The Spiritual Exercise of Remembering

The Spiritual Exercise of Remembering

Linda & I, on our wedding day

Linda’s mother suffered from Alzheimer’s Disease for many years. This horrible illness caused her to slowly lose her memory. One result of her memory loss was an increase of fear. For example, one afternoon Linda, her mother Martha, her father Del, and I were shopping in a mall. At one point Linda and her father left for an hour to shop together while I stayed with Martha. We sat together for a minute and then she looked at me, her eyes filled with fear, and said “Where’s Del?!” “He’s shopping with Linda. He’ll be right back,” I responded. This put Martha at ease. But only for a few minutes. Forgetting what I had just said, Martha looked at me again and said, “Where’s Del?” “He’s with Linda. He’ll be right back.” This happened several times in an hour, with Martha forgetting, me reminding her, she again calming down, then forgetting and filled with fear, asking me “Where’s Del?” and me reminding her again. Martha not only had forgotten what I said to her, but she had forgotten a more basic truth, which was: in Del she had a husband who would never, ever leave her or forsake her. He was always by her side, pre-Alzheimer’s and post-Alzheimer’s.

There is a “spiritual Alzheimer’s disease” which results in forgetting the many times God has rescued and delivered us, provided for us, and been with us. Such forgetting breeds fear. The more one forgets the deeds of God in one’s own life, the more one becomes fearful in the present moment.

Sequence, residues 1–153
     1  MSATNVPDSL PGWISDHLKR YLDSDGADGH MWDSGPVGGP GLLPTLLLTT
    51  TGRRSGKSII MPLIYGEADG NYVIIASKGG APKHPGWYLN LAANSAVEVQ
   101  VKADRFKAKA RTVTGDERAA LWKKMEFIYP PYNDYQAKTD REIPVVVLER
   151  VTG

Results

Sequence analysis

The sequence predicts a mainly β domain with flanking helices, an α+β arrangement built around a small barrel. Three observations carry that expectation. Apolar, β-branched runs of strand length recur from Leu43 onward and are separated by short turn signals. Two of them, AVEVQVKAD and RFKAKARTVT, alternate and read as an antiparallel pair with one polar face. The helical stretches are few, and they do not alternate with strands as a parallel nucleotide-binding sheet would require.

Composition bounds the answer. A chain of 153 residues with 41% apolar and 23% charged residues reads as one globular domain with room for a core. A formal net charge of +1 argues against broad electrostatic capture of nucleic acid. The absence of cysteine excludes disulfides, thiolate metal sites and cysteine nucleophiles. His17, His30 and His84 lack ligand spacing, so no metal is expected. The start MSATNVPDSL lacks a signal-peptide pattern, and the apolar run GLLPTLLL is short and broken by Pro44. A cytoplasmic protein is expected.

The antidote to this is: remembering. “Remembering” is huge in the Old Testament. The post-Exodus experience of Israel is grounded in remembering. The Jewish festivals are remembering-events, such as Passover when the head of the household sits with his family and asks, “Why is this night different from all other nights?” In response they then remember the past, and how God delivered their people out of bondage in Egypt. This remembering, which reminds them of God’s past faithfulness, brings new hope.

My spiritual journal functions largely as the memory of the voice and deeds of God in my life. I take times every year to re-ponder my journals. In doing so I remember what God has done for me, how he has delivered me from bondage, and how he answered my many prayers. I re-read of past times when I was afraid, or worried, and then re-read how God came through and worry dissipated. In this way I do not, I will not, forget the deeds of the Lord. The result is that I always emerge from the discipline of remembering with renewed hope in the present.